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Bottom of the World


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Famous Door Theatre Company

at Jane Addams Center Hull House

On a tenement rooftop in the sinking industrial town of Herne, four unemployed workers puzzle over the concept (and the pronunciation) of ennui, a strange disease that attacks "unemployed millionaires."

"They don't even want to work," marvels a gentle wreck named Seiffert. "I want to, and I can't!" Seiffert wants work so badly, in fact, that he has difficulty articulating the very word and is prone to halfhearted suicide attempts.

It seems a strange setting, at first, for a piece called The Conquest of the South Pole, but in German playwright Manfred Karge's vision, bottomless crevasses have nothing on the horrors of the unemployment office. Karge's four protagonists are more likely to find the South Pole on their rooftop in Germany than they are to find gainful employment; so it makes perfect sense that, at the prompting of their aggressive unofficial leader Slupianek, they decide to reenact Roald Amundsen's 1911 expedition. Amid lines of snowy laundry on the roof, they struggle against impossible odds and revel in displays of courage that the mundane circumstances of their actual lives make all but impossible. They are heroes.

Heroic too is Famous Door's Chicago premiere of this difficult script, superbly translated by Ralf Remshardt, Caron Cadle, and director Calvin MacLean. In this staging, clean and sharp as surgery, Slupianek (Phil Johnson), Seiffert (Tracy Letts), the henpecked Braukmann (Dan Rivkin), and the bully Buscher (Paul Dillon) shift from almost elegant prose to savage doggerel as easily as they swing from the laundry line strung high above the set. The production abounds with verbal as well as physical acrobatics, and sometimes a kind of Zen-like wit. "Why can't a camel ride a bike?" the comrades sing. "Because he's got no thumb to ring the bell!"

Accompanied from time to time by Braukmann's pragmatic wife (Elaine Rivkin) and a slavish, stuttering sidekick (played by James Schneider in a manner heavily suggestive of Lucky from Beckett's Waiting for Godot), the group seeks more than just survival. They seek escape from grim circumstances, embarking on their imaginary quest with all the enthusiasm of children and the desperation of adults in a no-win situation. Robert G. Smith's rooftop set features hidden slides, surprise doors, swinging ropes, and cubbyholes--a playground that's nevertheless shadowed and dangerous, likely to harbor broken glass.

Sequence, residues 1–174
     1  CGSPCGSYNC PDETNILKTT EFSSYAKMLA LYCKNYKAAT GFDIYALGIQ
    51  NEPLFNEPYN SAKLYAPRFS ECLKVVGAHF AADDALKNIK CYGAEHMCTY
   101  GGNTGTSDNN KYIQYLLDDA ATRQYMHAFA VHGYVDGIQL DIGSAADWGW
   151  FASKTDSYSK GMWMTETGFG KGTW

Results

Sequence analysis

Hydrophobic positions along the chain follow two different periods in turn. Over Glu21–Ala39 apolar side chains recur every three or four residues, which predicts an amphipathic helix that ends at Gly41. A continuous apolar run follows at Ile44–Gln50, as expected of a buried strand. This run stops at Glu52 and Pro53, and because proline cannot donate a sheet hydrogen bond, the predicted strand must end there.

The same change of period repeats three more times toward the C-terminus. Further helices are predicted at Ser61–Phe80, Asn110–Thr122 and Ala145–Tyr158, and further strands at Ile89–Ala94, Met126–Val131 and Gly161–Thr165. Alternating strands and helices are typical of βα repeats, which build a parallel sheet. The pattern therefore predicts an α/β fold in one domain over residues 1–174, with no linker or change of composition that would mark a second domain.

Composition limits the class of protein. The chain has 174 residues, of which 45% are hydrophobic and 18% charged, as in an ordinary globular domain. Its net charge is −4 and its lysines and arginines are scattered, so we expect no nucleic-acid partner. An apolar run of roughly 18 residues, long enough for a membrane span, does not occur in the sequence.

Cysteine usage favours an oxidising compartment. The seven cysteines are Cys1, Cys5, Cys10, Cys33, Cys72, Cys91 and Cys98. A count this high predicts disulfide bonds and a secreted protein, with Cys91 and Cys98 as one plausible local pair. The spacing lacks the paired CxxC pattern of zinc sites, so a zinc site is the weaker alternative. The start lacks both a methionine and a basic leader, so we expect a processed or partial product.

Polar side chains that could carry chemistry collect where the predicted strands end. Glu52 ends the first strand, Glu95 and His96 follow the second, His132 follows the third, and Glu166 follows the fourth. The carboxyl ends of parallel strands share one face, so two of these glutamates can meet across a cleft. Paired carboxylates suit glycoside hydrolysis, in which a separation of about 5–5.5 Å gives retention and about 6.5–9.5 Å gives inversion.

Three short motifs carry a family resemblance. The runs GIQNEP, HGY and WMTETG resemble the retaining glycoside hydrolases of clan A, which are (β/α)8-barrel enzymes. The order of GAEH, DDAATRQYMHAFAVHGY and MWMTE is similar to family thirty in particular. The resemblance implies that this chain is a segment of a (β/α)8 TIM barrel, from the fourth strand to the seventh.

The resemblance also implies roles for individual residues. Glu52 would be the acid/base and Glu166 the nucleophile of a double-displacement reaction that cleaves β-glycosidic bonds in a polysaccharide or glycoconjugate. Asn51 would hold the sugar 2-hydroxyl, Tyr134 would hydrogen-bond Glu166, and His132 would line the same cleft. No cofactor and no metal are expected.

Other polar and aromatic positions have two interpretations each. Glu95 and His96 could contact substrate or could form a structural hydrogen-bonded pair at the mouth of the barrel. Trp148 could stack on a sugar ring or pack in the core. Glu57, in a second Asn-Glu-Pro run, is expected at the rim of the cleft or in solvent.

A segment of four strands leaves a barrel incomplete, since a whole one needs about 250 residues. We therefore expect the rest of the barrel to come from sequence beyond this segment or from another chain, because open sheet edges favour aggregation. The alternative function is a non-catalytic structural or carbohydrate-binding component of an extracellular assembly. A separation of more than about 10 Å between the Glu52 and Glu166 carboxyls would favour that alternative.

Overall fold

"Man is nothing but defeat," Buscher snarls, tiring of the game after discovering that Amundsen's party actually fell just short of the pole. "We can play the defeats," he says. "They're our daily bread." Even if they play at reaching the pole in a burst of optimism, it's back to the dole on Monday--which proves too much for some of the heroic party. As compellingly played by Letts, the thoughtful, panicked Seiffert has a galvanizing moment of humiliation and terror when he finds himself suddenly snow-blind in an unemployment office, no way out as far as he can see.

Johnson as Slupianek is a charismatic leader of men who have nothing better to do than make-believe, and as the grungy Buscher, Dillon displays a canny sense of physical comedy. Rivkin's Braukmann, appropriately, looks as though he's constantly fighting back tears, and Elaine Rivkin acquits herself well from within a pair of fishnet stockings and a corset. (Why must good actresses eternally fall prey to costume designers more interested in lingerie than character? Would a woman really run a snack shop wearing high heels and a corset?) And Schneider makes a superb sled dog.

Hope, energy, and imagination fire this surreal, despairing tale of psychological survival.

Art accompanying story in printed newspaper (not available in this archive): photo/Brad Miller.

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